Research Foundation News

August 28, 2019

Autonomous robots enter fields to collect precise soil samples, help farmers improve yields, reduce environmental impact, save money


WEST LAFAYETTE, Ind. – Collecting precise soil samples is essential for farmers because a small amount of soil determines the amount of nutrients needed for acres of crops and can determine crop yields.

The U.S. Department of Agriculture reports that soil testing can help farmers increase yields, reduce production costs and prevent surface and groundwater pollution. 

“Smartcore,” an autonomous robot developed by a pair of Purdue University College of Engineering graduates, is designed to collect accurate, repeatable soil samples in fields and bring to the edge of the field for shipment to the lab. Troy Fiechter and Drew Schumacher founded Rogo, officially Rogo Ag LLC, a startup to advance the technology and move it to the public. A video about the company and technology is available at https://youtu.be/RgigU1ckNtk.

“Smartcore helps farmers make better strategic decisions,” said Schumacher, Rogo’s president.

Rogo is working with farmers and companies in Indiana, Ohio, Illinois and Iowa, and continues to expand with long-term plans to move into Canada and South America.

SmartCore uses a Bobcat skid steer chassis and navigates fields using boundary algorithms and a variety of obstacle detection sensors. It also is equipped with RTK GPS to ensure that soil samples are taken from the correct spot and can return every season within inches.

The largest and most common source of error in the soil testing process is with collecting the soil sample. Smartcore is unique in using a high-speed, self-cleaning hydraulic auger that collects soil to a precise depth.

Rogo ag A pair of Purdue University graduates have founded a company called Rogo Ag LLC, a pioneering agricultural technology company that has developed an autonomous robot called Smartcore. Smartcore is designed to collect accurate, repeatable soil samples in fields and bring the samples directly to the farmers or growers. (Purdue Research Foundation image/Oren Darling) Download image

“People often think that because you stick a probe 6 inches into the soil that means 6 inches of soil are extracted,” Schumacher said. “But a probe might plug up and you collect less than six inches. Or it might plug up and send a wad of dirt down into the rest of the soil. There are a lot of things that can go wrong if you don’t use the right equipment. Our depth is accurate within an eighth of an inch 100% of the time and it’s fully extracted every time.”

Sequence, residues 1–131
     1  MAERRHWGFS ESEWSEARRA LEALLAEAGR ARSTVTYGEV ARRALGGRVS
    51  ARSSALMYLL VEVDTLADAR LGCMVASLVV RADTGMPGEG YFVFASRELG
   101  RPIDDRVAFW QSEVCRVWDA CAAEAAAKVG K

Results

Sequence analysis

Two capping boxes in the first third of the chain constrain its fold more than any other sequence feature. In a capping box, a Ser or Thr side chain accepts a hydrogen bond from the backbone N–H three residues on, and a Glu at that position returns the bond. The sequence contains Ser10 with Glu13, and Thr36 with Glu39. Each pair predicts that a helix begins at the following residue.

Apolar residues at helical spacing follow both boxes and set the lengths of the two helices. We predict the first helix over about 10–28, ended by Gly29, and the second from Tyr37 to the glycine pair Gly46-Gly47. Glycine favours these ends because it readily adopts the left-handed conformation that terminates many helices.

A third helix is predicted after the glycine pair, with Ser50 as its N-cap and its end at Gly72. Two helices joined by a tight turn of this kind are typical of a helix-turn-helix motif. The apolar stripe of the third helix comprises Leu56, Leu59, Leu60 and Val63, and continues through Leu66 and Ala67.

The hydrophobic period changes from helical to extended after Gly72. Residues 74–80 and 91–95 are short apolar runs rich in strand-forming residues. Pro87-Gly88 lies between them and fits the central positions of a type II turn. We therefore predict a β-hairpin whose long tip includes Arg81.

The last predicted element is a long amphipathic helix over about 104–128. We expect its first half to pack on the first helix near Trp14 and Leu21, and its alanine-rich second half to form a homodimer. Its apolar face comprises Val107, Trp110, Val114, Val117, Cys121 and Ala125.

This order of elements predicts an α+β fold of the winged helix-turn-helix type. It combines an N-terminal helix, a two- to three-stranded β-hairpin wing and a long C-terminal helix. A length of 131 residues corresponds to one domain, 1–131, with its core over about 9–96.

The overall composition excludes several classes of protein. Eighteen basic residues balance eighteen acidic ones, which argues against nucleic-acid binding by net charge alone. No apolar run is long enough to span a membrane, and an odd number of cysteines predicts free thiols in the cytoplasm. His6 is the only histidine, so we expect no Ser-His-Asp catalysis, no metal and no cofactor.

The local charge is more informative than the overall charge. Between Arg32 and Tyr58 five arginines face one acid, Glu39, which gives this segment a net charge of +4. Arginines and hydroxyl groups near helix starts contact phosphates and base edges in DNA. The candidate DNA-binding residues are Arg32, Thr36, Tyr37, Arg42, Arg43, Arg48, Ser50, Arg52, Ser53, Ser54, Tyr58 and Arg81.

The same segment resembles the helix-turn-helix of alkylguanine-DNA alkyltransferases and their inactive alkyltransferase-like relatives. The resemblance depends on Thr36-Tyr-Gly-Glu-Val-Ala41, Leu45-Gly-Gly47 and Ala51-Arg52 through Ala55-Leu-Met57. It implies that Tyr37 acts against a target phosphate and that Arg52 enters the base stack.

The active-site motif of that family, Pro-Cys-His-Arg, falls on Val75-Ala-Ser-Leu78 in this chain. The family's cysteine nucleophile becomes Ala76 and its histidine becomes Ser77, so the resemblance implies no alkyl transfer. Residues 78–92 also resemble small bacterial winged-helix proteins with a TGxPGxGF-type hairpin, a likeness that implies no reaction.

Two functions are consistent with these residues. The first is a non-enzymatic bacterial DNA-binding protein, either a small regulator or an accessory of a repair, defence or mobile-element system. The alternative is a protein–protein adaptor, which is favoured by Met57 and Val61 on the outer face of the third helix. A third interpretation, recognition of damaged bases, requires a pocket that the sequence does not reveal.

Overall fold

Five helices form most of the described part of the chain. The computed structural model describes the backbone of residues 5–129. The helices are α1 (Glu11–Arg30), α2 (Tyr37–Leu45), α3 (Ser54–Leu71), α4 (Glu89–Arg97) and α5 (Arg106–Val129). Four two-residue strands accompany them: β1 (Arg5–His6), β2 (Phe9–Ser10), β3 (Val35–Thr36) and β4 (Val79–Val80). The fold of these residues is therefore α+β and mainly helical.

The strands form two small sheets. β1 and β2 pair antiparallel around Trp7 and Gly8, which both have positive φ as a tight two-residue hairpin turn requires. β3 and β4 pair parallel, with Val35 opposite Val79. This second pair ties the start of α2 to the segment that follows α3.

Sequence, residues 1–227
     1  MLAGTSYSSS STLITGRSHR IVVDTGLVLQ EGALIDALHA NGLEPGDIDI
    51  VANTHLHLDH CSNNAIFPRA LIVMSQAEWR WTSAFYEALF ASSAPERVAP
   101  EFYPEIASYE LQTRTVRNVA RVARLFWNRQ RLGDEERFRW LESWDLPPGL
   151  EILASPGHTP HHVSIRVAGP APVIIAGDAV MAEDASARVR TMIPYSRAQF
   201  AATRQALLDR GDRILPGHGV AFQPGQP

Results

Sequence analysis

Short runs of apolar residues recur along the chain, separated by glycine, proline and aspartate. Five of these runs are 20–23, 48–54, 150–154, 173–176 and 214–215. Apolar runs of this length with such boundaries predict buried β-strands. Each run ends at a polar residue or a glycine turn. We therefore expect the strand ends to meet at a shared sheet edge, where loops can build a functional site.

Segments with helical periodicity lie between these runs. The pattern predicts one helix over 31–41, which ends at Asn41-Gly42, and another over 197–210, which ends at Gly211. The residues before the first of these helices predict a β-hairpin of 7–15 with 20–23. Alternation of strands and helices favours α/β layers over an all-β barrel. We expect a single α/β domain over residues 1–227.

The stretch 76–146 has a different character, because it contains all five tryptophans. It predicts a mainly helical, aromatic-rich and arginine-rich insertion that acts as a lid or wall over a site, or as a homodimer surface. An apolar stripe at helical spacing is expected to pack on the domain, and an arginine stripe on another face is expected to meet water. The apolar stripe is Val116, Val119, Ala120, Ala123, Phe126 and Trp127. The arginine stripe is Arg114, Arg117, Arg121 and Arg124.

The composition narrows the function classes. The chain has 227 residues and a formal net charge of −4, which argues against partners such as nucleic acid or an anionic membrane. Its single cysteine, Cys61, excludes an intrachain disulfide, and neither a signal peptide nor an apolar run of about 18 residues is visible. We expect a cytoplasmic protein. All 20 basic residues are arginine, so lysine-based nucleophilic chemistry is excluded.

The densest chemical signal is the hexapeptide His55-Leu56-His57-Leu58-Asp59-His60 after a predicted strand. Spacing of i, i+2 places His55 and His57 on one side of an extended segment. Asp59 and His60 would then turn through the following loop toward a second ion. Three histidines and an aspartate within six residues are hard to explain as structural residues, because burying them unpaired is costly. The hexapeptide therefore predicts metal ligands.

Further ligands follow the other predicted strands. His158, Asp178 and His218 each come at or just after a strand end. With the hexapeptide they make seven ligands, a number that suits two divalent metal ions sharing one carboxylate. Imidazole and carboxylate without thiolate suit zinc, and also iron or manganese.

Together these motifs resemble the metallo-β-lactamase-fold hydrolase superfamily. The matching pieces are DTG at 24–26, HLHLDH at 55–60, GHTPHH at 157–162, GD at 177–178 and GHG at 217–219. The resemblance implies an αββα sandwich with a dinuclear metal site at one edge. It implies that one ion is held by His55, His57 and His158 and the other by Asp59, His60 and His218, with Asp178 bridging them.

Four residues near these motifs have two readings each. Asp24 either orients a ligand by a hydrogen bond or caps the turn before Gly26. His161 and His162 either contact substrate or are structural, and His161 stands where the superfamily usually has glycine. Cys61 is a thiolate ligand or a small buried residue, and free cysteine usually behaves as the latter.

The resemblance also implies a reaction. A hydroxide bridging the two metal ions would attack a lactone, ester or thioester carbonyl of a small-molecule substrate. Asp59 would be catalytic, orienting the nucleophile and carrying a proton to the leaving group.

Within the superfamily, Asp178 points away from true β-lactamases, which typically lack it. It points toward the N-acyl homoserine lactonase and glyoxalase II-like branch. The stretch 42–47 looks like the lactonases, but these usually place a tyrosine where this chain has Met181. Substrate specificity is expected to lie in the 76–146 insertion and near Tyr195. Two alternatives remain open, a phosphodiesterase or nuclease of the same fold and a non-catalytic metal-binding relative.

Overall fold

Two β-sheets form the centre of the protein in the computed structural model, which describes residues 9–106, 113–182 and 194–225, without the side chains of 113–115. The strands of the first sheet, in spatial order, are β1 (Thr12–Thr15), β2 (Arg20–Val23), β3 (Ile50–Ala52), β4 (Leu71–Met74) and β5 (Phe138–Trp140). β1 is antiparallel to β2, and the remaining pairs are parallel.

In traditional sampling practices, the variance in depth and location can lead to a sampling error as high as 20%. In a recent study, Beck’s Hybrids Practical Farm Research group validated an error reduction to 10%. Errors can cause farmers to spend more than necessary on fertilizer, or under apply in certain areas. Reducing the use of fertilizer also reduces the impact on the environment.

“Farmers want to sample from the same location so they can understand how their soil is evolving,” Schumacher said. “If you don’t compare the same soil site season to season, you’re going to have a field that varies a lot. If you want to know what you added to the field and how it is changing the field, you have to compare apples to apples as much as possible.”

Schumacher said most of Rogo’s competitors do soil samples by hand, which he called undependable, but also that it has been the best thing available in the market to this point.

Rogo has been recognized for its innovative technology by Purdue’s Ag-Celerator Fund, Ag Alumni Seed and Elevate Purdue Foundry Fund.

Schumacher said the funding from Purdue-affiliated organizations is important because of the financial boost for research and development, and also the credibility it brings and the validation from those who know farming.

“We’ve seen more interest in what we’re doing. It has started some good conversations that have been valuable,” he said. “We’re always looking to serve more farmers and more retailers so we can continue to make a difference.”

The technology aligns with Purdue's Giant Leaps celebration of the university’s global advancements made in artificial intelligence and sustainability as part of Purdue’s 150th anniversary. Those are two of the four themes of the yearlong celebration’s Ideas Festival, designed to showcase Purdue as an intellectual center solving real-world issues.

About Purdue Research Foundation

The Purdue Research Foundation is a private, nonprofit foundation created to advance the mission of Purdue University. Established in 1930, the foundation accepts gifts; administers trusts; funds scholarships and grants; acquires property; protects Purdue's intellectual property; and promotes entrepreneurial activities on behalf of Purdue. The foundation manages the Purdue Foundry, Purdue Office of Technology Commercialization, Purdue Research Park and Purdue Technology Centers. The foundation received the 2016 Innovation and Economic Prosperity Universities Award for Innovation from the Association of Public and Land-grant Universities. For more information on licensing a Purdue innovation, contact the Purdue Office of Technology Commercialization at otcip@prf.org. For more information about funding and investment opportunities in startups based on a Purdue innovation, contact the Purdue Foundry at foundry@prf.org

Purdue Research Foundation contact: Chris Adam, 765-588-3341, cladam@prf.org

Source: Drew Schumacher, drew@rogoag.com


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